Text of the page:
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What we can learn from our parents' marriages

Maybe your mom and dad have a blissful bond, or maybe they divorced after years of silent struggle. The way they expressed their love for each other — or didn’t — throughout your childhood served as your first model for what marriage looks like. And good or bad, their marriage left an indelible impression, leading you to decide what behaviors and gestures you wanted to replicate in your own relationship.

“If your parents were happily married, you saw how two different people can somehow manage to live a life together,” says Scott Haltzman, M.D., author of "The Secrets of Happy Families." But if you grew up wondering why your parents couldn’t be happy together, that doesn’t mean you are doomed to a failed relationship.

“Many couples promise themselves that they’ll avoid all the mistakes their parents made, which can lead to dogged commitment,” Haltzman says. Here, nine couples open up about both the hard and the happy marital lessons their parents taught them.

“Marriage takes a lot of work”
Alisa: Two years ago, I was miserable in my marriage. Mark and I were first-time parents, and motherhood completely overwhelmed me.

Everything seemed to fall on me while Mark’s life really didn’t change. Meanwhile, I felt alone, depressed, and incredibly resentful. When it got to the point where I found myself lusting after other men and even daydreaming about Mark dying, I remembered what I’d seen in my own parent’s marriage: When I was 11, my mom and dad hit a rough spot, and my mother moved into the basement. But they never stopped going to counseling and talking through their issues. When things with Mark got bad, I remembered their perseverance. My parents taught me that marriage is hard work. I realized then that if my marriage was going to survive, Mark and I had to put in a lot more effort.

Mark: Looking back, I can see how my parents’ marriage affected the way I dealt with parenthood. My mom and dad focused all of their energy on their four kids. Growing up, we always did things as a family, and while I have lots of good memories, it was important for me to do things differently than they had. When I became a father, I still wanted to have my own life — to continue to keep up relationships with my friends. So I did these things regularly without realizing that Alisa felt saddled with the brunt of parenthood.

Alisa: I started reading lots of self-help books about improving marriage, and Mark and I began doing exercises on forgiveness and communication. I also started blogging (projecthappilyeverafter.com), and Mark would read every entry, no matter how brutally honest it was. It was my way of saying how I felt, just like my parents had done through their therapy sessions. It was important for me that Mark truly “got” me.

Mark: I was all for whatever it would take to get us in a better place. Unlike my mom and dad’s relationship, where the kids trumped everything else, I wanted our marriage to come first. We started talking about how we could better balance different parts of our lives. Today, we’re a much stronger couple. Alisa tells me that I’m a better listener and more sensitive to her feelings. We’re both happier — as people and as parents.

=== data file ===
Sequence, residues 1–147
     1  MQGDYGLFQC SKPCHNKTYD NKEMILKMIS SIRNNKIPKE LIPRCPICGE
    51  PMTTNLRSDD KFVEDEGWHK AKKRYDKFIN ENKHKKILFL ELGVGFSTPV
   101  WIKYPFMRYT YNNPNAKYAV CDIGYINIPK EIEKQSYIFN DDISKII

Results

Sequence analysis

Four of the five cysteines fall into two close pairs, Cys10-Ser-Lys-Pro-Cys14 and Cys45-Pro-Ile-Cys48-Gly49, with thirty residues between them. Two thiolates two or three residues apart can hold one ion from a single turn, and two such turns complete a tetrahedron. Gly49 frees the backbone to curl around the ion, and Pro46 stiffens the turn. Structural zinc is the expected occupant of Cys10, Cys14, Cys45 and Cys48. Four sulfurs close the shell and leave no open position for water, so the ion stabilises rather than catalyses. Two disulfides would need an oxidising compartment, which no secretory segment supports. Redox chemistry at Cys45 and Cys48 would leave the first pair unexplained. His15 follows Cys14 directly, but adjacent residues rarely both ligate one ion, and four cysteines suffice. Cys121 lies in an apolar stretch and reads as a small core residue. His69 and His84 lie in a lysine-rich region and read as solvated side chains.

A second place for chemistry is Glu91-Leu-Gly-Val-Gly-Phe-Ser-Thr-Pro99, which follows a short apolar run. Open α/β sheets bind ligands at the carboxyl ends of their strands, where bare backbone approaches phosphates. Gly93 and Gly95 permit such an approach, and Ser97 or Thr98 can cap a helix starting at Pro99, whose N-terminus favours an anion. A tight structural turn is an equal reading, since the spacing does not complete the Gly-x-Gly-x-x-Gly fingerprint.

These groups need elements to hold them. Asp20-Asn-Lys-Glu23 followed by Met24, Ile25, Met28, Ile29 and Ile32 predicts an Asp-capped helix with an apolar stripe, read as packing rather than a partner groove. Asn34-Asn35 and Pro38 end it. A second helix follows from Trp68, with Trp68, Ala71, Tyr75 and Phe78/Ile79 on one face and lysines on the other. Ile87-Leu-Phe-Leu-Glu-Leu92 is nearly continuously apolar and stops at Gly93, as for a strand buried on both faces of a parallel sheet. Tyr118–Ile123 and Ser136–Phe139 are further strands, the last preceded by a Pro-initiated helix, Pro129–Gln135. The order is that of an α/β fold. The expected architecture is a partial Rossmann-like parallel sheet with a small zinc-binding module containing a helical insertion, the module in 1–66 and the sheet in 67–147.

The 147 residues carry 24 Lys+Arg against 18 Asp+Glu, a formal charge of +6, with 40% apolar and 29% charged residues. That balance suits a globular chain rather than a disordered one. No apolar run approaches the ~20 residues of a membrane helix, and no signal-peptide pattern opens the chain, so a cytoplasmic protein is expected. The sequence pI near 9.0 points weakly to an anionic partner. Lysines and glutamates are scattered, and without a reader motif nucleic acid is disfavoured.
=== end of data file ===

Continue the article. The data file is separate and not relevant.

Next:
“Your parents’ marriage isn’t your marriage”
Lizz: I had been married for about a year and a half by the time my parents’ divorce was final. One parallel I noticed between their relationship and mine was our style of arguing:

If communication got hot between my parents, my dad would shut down, not wanting to argue. It drove my mom nuts because there was never any resolution. I would do the exact same thing to Matt. Also, seeing my mom and dad unhappy for so many years and expecting that one day they’d split, I expected that’s what would happen to me too. I wasn’t 100 percent real with Matt about my relationship fears, because I wanted to protect a part of myself for “when” we got divorced.

Matt: I’d get angry because I could tell that Lizz wasn’t totally letting her guard down with me, and we’d end up in an argument, then she’d go silent. Nothing would ever get resolved. Same thing happened with my parents: They always had trouble communicating with each other. Sometimes they wouldn’t speak to each other at all. That made for a lot of tension and repressed anger in our house growing up. I didn’t want the silent treatment to be a part of my marriage.

Lizz: During my mom and dad’s divorce, I realized just how much I was mirroring their relationship. I saw that just because Matt yelled or got angry, it didn’t mean we were headed for divorce. When I finally understood that, it got easier to identify those moments when I’d start to tune out in the heat of an argument, so I could stop myself. I finally felt that I could be totally honest with Matt. I could finally say, “I want to hear you out, but I need you to lower your voice,” without feeling like he was going to leave me as a result.

Matt: And when I felt that Lizz was finally listening to me, it made it much easier to stay cool and calm and put my feelings into words that were less heated and combative. We both knew that we wanted our marriage to be different from our parents. Getting over that communication hurdle set us on a path to make those changes.

“Speak intimately to each other”
My parents used to talk to each other late at night when I was a kid. These nightly conversations made me appreciate how important it is to be able to talk to your spouse. One of my favorite “talking times” with Phil is on Sunday morning. We cuddle on the couch and spend two to three hours just chatting and doing “whatever” under a quilt! —Carol O’Dell, 47

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“Speak kindly of each other”
My mom always told me that my father was smart, hardworking, and a quick learner. Her example of talking about my dad in a good light carried over in my marriage. Carol and I have always complimented each other in front of our three daughters. We don’t try to make our marriage look perfect, but we don’t berate each other either. —Phillip O’Dell, 51

“Show your children your love”
My parents always hugged and kissed each other in front of me. This showed me how crazy they were about each other, and it taught me how important it is for children to see what strong, positive, physical love looks like. Now our daughters watch Mark chase me around to catch me for a kiss. —Kari Lawry, 41